Jan. 15, 2015: Bombardier, struggling with poor aerospace sales across its business jet and commercial lines, missed previous guidance on cash flow and other metrics, three Wall Street investment banks reported today.
BBD’s stock traded off 22% in early trading.
Immediate reaction from the banks’ aerospace analysts:
Goldman Sachs (Sell) writes:
Bombardier pre-announced substantially worse than expected 4Q14 operations, and announced a “pause” in the Learjet 85 business jet program. The 4Q operational items announced by the company appear to imply approximately $0.03 of EPS for the quarter, compared to consensus and our estimate of $0.12, and a full-year free cash burn roughly $500mn worse than we anticipated.
With regard to 4Q:
BBD stated that following a review of preliminary results for the year ended December 31, 2014 it has become clear that certain financial guidance previously provided will not be met. It says the EBIT margin at Aerospace for the year is now expected to be approximately 4% compared to prior guidance of 5%, with the variance due to increased provisions for credit and residual value guarantees, pricing pressure on new aircraft, and a decrease in fair value of used aircraft. The YTD EBIT margin at Aerospace was slightly greater than 5%, so for the full-year to be 5% 4Q would need to be barely greater than breakeven (compared to our estimate of 5.0% for the quarter). EBIT margin at Transportation for the year is now expected to be approximately 5% compared to prior guidance of 6%, with BBD citing revised escalation assumptions for some contracts which impacted estimated future revenues. The YTD EBIT margin at Transportation was nearly 6%, so for the full year to be 5% 4Q would need to be approximately 3.5% (compared to our estimate of 6.7% for the quarter). BBD also significantly negatively revised its cash flow expectations for the year. The numbers provided in the release suggest 4Q free cash flow approximately half of our estimate – approximately $400mn, vs our estimate of $855mn. It also implies a full-year free cash flow use of $(1.3)bn, larger than last year’s $(907)mn. The company lowered its free cash flow expectations in both Aerospace and Transportation.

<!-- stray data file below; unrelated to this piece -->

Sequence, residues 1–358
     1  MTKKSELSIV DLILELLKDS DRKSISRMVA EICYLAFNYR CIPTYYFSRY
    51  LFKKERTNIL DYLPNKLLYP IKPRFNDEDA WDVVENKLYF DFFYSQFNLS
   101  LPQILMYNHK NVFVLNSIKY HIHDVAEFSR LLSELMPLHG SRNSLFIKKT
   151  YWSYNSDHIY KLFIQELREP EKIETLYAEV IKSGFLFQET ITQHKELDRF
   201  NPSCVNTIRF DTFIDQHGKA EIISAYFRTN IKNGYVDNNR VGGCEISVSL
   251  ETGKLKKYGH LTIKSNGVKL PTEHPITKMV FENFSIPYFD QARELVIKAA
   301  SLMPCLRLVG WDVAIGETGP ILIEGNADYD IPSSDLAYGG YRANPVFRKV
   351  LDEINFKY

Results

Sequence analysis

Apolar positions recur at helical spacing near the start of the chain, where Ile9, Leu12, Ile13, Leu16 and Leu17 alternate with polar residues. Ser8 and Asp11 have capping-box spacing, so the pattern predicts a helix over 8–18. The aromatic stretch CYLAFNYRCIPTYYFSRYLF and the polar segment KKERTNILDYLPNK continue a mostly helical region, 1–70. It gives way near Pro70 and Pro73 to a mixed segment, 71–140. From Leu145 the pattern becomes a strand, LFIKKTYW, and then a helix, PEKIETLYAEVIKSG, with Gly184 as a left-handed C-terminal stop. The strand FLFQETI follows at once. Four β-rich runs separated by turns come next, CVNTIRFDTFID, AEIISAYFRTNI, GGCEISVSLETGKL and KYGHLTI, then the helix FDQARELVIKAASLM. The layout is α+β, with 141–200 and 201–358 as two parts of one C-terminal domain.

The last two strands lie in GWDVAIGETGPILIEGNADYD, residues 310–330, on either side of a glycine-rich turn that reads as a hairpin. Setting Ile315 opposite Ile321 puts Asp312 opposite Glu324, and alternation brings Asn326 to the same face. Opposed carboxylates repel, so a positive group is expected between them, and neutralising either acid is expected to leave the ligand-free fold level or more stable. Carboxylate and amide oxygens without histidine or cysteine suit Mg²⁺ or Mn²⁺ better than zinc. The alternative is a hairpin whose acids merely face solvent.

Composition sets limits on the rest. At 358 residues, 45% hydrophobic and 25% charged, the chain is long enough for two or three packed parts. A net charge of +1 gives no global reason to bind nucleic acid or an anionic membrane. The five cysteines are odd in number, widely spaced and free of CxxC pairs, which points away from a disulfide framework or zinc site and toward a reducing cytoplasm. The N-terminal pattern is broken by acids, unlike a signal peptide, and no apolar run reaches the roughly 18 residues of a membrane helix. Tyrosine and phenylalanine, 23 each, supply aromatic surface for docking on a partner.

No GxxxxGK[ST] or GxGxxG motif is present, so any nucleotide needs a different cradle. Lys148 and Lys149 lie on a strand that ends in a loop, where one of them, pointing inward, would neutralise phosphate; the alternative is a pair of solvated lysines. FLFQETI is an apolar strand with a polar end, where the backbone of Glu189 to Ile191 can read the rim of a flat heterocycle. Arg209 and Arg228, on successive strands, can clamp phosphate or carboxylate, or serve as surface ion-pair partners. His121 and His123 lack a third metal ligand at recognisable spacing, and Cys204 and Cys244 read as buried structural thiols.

With regard to the Learjet 85:
Bombardier uses the term “pause”. It is not clear if that means it plans to temporarily stop the program with a specific planned timeline for a restart, or if it is indefinitely stopping the program. The company states the pause is due to weak demand for the aircraft specifically and continued weakness in overall light cabin business jet. BBD will record a pre-tax special charge in 4Q14 of $1.4bn mainly related to the impairment of the Learjet 85 development costs. BBD also stated it will reduce workforce by 1,000 employees at related sites, which will result in a severance provision of $25mn in 1Q15.
We are Sell rated on Bombardier.
We believe this announcement supports a Sell rating. Our existing 12-month price target of C$3.15 is derived from targeting 6.5X CY15E EV/EBITDA. Key risks for BBD include: (1) the last CSeries schedules reset was long, making the timeline more realistic, (2) a potential recovery in the business jet market, (3) overall low investor expectations
JP Morgan (Underweight) writes:
Liquidity is now the key issue for the stock.
Our primary focus following Bombardier’s pre-announcement this morning is liquidity. Cash at December 31 was $2.4 bn after Q4 FCF missed our estimate (which had been below guidance) by ~$600 mn. Management has noted in the past that it needs ~$2 bn to run the business, and Bombardier typically burns cash during the first nine months of the year (~$1.7 bn each of the past four years). Cash burn in 2015 may be less than usual following the Q4 weakness, but cash still seems likely to move well below the required level unless the company raises fresh capital. Bombardier’s revolvers could provide an additional $1.4 bn if necessary for the near term. However, the company also has to refinance $750 mn of debt due in Jan 2016 and one of its two revolvers matures in March 2016. We estimate that net leverage was ~4x LTM adjusted EBITDA at year end based on today’s announcement. Bombardier has had consistent access to the debt market in recent years, but it is unclear to us if this is still the case and what the cost of debt may be.
Aerospace margin and cash from operations missed guidance.
Management now forecasts a ~4% Aerospace margin vs ~5% previously and $800 mn of cash from operations vs $1.2-1.6 bn. Key issues on the earnings side include credit and residual value guarantee provisions, lower values for used aircraft, and pricing pressure on new aircraft. We have been concerned about Bombardier over-producing business jets and believe this is playing a primary role in the pricing weakness. From a cash flow standpoint, lower than expected EBIT, lower advances (on weak orders), and higher used aircraft inventories drove the shortfall. It is possible that the adverse working capital swings in Q4 provide a better starting point for 2015; however, issues like pricing pressure as a consequence of over-production might not go away quickly.